A bird rests on a branch of plum blossom. The colourful flowers and the twisting branch make for a decorative composition. Rather than any expressive purpose, or an attempt to depict nature accurately, the artist created an artificial space of decoration by arranging already determined motifs regularly across the surface. This approach was first seen in Chinese paintings of the Song dynasty (960-1278), but here it derives rather from a development of one element of bird-and-flower paintings of the Ming dynasty (1368-1644). It was a very popular approach to composition with many Kanō painters in the early Edo period.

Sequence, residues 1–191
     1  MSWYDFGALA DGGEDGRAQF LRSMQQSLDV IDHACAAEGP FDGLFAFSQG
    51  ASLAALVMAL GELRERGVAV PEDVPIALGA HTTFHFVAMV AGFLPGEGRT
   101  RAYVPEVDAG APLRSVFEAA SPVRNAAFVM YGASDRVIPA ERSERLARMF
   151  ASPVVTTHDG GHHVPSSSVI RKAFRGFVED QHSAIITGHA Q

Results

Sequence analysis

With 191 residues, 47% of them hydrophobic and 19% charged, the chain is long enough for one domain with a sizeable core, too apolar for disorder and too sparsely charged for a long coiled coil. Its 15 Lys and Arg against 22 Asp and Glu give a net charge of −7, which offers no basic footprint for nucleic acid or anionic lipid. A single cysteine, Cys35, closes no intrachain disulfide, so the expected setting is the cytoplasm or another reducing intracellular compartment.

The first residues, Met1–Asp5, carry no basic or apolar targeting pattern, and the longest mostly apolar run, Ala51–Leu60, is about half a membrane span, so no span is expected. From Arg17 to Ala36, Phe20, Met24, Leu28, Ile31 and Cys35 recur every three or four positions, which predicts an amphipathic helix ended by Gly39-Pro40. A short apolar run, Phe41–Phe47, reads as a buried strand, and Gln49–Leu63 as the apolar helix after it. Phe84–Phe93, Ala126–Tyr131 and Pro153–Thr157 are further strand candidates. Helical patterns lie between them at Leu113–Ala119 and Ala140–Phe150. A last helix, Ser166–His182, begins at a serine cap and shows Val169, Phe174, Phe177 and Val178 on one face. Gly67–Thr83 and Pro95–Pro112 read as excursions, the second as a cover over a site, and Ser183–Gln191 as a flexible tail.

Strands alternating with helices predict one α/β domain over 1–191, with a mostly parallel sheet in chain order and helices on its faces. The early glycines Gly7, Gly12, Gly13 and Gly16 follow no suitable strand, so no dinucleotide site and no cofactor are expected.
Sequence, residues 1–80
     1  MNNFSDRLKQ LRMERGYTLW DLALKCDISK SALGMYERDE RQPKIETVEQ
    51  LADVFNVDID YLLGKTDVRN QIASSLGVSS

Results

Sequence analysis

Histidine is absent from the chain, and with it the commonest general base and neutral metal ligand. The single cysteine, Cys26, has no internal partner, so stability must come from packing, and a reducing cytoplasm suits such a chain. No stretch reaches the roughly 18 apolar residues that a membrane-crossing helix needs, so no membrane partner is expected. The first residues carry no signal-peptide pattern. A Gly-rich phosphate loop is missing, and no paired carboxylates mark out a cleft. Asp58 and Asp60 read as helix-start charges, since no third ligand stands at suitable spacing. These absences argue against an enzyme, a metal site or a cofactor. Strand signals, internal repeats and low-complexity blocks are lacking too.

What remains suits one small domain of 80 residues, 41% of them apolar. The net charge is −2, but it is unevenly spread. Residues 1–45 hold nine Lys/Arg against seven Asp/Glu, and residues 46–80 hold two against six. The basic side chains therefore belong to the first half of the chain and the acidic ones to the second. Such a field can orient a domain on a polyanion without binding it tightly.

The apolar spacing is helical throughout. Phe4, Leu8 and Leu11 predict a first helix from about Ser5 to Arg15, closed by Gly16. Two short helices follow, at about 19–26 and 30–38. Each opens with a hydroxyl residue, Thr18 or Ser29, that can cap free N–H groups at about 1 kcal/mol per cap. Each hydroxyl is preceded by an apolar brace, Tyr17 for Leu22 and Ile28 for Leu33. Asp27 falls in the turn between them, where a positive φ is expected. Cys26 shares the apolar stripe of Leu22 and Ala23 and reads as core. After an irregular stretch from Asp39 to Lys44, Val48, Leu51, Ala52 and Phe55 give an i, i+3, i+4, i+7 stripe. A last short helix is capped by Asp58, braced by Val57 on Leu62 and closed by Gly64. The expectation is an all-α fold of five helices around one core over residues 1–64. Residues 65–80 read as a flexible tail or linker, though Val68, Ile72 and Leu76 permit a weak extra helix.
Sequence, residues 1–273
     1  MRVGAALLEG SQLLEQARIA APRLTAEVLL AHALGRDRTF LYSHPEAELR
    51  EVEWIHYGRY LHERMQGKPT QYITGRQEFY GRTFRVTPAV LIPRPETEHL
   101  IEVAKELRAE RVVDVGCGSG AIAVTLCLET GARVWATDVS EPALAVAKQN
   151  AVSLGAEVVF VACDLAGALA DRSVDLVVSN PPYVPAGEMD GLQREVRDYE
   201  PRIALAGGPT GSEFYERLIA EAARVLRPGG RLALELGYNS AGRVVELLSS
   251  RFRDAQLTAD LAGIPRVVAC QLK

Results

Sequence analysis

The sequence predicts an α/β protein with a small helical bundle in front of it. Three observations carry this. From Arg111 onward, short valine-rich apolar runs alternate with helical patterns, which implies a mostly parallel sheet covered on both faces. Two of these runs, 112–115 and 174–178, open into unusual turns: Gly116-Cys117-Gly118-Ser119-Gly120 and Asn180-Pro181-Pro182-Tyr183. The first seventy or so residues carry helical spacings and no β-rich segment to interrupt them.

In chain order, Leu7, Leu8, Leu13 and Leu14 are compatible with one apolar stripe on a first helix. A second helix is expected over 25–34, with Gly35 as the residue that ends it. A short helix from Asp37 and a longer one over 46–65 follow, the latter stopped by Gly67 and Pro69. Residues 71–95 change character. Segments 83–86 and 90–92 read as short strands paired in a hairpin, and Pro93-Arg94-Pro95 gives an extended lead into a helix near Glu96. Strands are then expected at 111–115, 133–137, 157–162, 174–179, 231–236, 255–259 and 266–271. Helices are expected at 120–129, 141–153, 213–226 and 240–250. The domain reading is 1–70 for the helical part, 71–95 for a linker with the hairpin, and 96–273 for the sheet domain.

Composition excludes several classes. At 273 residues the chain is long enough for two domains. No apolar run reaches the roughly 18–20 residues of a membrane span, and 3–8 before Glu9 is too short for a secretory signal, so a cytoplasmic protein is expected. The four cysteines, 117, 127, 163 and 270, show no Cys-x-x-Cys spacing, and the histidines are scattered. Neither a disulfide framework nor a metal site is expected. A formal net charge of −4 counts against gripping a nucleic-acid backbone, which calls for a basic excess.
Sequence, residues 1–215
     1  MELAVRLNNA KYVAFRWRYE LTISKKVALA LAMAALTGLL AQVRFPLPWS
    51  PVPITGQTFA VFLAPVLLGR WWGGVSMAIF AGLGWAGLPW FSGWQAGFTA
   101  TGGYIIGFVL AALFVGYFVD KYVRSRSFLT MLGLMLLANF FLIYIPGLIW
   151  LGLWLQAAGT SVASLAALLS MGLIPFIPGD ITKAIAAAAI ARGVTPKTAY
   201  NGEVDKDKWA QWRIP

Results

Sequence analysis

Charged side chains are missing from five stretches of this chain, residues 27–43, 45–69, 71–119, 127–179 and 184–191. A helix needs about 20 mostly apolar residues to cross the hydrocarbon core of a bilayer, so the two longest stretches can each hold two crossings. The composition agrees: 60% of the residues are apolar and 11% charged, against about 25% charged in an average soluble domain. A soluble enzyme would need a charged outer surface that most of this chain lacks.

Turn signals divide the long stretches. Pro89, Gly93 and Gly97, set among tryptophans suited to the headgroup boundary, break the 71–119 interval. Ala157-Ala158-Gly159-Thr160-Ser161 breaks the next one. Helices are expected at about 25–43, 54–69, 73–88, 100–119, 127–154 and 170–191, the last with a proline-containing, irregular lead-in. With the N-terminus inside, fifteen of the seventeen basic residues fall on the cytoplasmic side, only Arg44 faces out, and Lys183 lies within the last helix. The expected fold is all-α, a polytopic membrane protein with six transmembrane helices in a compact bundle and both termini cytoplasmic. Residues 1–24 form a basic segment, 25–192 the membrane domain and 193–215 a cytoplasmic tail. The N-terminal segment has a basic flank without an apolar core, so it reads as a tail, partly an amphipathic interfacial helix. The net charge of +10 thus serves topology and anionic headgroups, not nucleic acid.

This attractive study is neither signed nor sealed. An old inscription on the box attributes the work to Kanō Yukinobu (worked late sixteenth century). Yukinobu was the much younger brother, and pupil, of Kanō Motonobu (1476-1559) and became a leading figure in the Kanō school during the Momoyama period (1568-1600) . He was known for his fine kachōga (bird and flower paintings). Though the present work cannot be attributed to Yukinobu with any certainty, it can be firmly placed within the established lineage of bird-and-flower paintings of the Kanō school of the late sixteenth or early seventeenth centuries.